Heat of July 1972

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Tuesday, July 22nd: I didn’t do a laundry that morning so had some extra time. After breakfast I fixed some quick yeast rolls because we were out of bread, then went for a walk. The children and I got up as far at the bathtub settling tank, which they called Daddy’s Bathtub. I decided to stop and clean it out a bit. We had to rescue a lizard that got knocked in when I took the lid off. It was a big, fat thing and made me think of a picture in the Alice In Wonderland book where she cries up a flood and a lizard (I think) was struggling in it. We’d stopped at the place where the lower spring crossed the road so I could show them how we used to play cigarettes with the jointed horsetail stems (equisetum) when I was a child. Rebecca had been running around pretending to smoke Legos. My parents smoked but none of my brothers nor I did.

From there we went up into the woods to the flat where the gooseberries and raspberries grew. Fortunately there were some ripe raspberries—a treat for everyone even in small quantities. We went a little further to where the road forked up to the Upper Trailhead and then went home.

After lunch, when Clarke was down for his nap, I read some more from The Hobbit to Rebecca and Jeffrey. We started it the night before and then that night I read the 2nd chapter. I mowed the lawn, which took about an hour, while the two older children played in the pool. Woke up Clarke and enticed him into the water with boats to play with. He’d been complaining about it being cold.

My niece, Dana, was going to come and visit for a week. Peter and Angenett would bring her on their way down from Seattle. She was 13 and after a week would go home on the train.

Horace Jones called twice to discuss a protest letter concerning a timber sale west of Devil’s Backbone. That night I typed a letter for that.

“I really get nervous at night when Bob’s gone. Shouldn’t I suppose. I guess it’s that only a nut would come this far at night—not a reassuring idea.”

Clarke disappeared that morning only “we didn’t realize it until we heard a shriek and suddenly realized he was missing. I was weeding and the other two were playing on the porch. We found him at the gate to the barn area, hung up on a star thistle. Thank goodness for star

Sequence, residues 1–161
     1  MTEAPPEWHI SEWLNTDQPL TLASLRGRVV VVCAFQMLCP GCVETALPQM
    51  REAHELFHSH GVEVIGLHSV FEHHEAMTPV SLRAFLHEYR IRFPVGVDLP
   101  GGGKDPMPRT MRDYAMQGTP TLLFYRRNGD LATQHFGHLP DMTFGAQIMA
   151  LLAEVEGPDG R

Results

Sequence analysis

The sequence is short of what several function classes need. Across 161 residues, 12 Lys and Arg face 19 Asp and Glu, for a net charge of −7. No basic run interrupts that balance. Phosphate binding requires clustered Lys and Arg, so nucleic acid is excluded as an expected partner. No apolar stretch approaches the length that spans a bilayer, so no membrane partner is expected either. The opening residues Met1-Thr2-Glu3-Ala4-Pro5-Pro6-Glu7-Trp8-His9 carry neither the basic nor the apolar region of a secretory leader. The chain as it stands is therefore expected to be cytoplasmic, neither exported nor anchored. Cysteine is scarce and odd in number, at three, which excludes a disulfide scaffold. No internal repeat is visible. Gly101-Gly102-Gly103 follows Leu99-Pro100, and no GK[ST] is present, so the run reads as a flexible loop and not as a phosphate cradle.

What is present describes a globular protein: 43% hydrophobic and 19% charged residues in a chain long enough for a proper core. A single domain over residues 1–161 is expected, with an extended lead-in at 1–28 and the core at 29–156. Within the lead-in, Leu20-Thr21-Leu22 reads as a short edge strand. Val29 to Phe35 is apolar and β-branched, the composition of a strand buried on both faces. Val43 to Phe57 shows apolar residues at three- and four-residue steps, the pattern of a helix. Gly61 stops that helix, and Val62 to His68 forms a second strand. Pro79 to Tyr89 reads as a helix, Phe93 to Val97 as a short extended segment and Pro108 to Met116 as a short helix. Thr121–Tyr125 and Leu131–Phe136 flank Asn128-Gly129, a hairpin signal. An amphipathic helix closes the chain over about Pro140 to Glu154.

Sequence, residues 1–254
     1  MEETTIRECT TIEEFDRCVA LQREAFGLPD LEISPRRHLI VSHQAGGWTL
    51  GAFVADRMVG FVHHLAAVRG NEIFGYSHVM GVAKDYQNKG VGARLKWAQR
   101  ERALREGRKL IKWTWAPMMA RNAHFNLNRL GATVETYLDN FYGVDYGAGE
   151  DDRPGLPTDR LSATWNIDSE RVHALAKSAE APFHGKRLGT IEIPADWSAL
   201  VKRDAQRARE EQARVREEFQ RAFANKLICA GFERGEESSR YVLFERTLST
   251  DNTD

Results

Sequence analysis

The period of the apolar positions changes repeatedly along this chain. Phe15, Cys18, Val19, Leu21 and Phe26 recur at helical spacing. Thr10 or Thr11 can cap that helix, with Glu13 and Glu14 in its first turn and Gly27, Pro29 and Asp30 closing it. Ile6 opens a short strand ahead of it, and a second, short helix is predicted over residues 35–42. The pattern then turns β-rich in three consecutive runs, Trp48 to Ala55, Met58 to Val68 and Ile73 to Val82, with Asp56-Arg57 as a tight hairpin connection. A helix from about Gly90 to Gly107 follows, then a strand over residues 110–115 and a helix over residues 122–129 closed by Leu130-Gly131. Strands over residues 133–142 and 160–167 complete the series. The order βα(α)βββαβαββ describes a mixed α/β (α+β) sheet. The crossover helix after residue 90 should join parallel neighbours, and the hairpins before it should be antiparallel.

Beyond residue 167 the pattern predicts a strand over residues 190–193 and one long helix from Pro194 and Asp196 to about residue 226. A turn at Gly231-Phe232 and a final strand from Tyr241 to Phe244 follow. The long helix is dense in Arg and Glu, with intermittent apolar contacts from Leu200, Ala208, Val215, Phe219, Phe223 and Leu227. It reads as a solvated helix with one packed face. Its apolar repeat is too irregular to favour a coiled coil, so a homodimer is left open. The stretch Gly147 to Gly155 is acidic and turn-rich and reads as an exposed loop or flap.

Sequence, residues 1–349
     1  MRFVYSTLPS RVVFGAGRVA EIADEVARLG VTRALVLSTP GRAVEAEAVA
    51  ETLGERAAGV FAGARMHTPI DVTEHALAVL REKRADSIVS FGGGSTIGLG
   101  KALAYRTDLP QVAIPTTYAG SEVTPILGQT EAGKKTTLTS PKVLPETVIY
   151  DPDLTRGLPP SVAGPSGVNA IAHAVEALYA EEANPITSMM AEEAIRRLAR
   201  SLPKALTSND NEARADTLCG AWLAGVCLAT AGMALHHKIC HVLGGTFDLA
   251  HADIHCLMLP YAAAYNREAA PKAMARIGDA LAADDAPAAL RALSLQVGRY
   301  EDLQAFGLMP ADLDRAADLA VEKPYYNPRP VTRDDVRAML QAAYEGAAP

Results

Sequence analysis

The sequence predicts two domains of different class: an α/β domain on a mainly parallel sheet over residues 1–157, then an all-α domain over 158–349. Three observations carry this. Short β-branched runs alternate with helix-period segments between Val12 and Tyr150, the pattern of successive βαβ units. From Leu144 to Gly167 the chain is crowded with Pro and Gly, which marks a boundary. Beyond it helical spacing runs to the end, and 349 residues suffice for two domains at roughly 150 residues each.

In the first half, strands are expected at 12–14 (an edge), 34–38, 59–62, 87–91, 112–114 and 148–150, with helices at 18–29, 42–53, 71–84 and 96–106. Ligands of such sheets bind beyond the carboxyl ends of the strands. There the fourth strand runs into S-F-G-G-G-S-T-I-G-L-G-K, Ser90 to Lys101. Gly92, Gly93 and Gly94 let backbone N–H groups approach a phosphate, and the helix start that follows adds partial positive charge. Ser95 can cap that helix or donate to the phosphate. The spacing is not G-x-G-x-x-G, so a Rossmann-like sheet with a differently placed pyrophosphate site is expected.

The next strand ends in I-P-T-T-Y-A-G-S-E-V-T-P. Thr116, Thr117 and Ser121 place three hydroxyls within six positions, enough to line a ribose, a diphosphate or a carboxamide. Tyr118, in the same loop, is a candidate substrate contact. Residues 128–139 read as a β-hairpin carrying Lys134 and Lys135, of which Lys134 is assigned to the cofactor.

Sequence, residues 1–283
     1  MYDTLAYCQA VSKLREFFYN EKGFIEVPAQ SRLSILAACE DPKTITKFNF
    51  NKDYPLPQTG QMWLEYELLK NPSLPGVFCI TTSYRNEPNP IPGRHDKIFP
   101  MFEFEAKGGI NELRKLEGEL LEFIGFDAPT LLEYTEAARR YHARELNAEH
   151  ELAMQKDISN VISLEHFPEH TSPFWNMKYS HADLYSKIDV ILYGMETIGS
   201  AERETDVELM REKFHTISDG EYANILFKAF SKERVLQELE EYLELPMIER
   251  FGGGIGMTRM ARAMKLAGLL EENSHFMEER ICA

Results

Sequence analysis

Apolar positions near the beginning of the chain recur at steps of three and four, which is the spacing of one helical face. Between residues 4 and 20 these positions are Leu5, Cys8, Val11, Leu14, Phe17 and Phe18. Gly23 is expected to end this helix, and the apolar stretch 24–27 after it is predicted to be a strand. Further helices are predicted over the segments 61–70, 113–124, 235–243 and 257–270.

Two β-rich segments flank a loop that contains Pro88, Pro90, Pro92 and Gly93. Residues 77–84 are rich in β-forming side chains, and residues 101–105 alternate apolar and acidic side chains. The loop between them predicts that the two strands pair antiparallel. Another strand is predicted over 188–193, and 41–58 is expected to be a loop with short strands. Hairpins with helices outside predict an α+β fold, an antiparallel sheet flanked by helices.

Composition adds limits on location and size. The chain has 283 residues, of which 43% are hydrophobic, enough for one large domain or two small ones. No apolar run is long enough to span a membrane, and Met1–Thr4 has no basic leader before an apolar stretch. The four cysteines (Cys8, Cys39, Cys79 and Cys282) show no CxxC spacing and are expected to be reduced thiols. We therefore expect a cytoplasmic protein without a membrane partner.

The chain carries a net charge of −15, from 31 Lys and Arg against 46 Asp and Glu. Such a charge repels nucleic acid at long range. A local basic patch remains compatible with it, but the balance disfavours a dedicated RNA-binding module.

thistles! “

I didn’t sleep well that night. It was hot and Clarke was fussy. I took him up to the outhouse with me and talked about the stars and sky and the next day he kept running to the window, pointing up and saying “sky, sky”.

After breakfast, dishes, etc. and running some diapers through a cold rinse we headed for Big Bar. Down the road near the jeep road and the orange pelton wheel was a doe leaping up the bank with one fawn trying to follow her and the other still below. The one trying to go up the bank couldn’t make it and stopped, bleating. I stopped the car and we watched as the doe came back down onto the road. The nearest fawn nursed. Finally the other joined her and they went slowly up the jeep trail. We were all delighted at such a start to our ride. I thought the doe was the same one that was always in our yard. She was quite calm about everything.

In Big Bar I bought cat food, bread, and a few peaches and popsicles for the children as well as purchasing last Sunday’s paper. Mailed some letters at the post office.

Back at the house I finished the laundry, fixed lunch, put Clarke down and read from The Hobbit.

Called Bob who had just gotten to Florence and Leonard’s. His plane had been late. He was watching the Democratic Convention. “I didn’t even know it was being held.” The two older children talked to him and said goodnight. I’d gotten begged into reading two chapters of The Hobbit so bedtime was later than usual.

Jeffrey read two more pages from the little book of Get Off the Desk. “He’s really doing quite well. Sounds out words well and is picking up a small sight vocabulary.”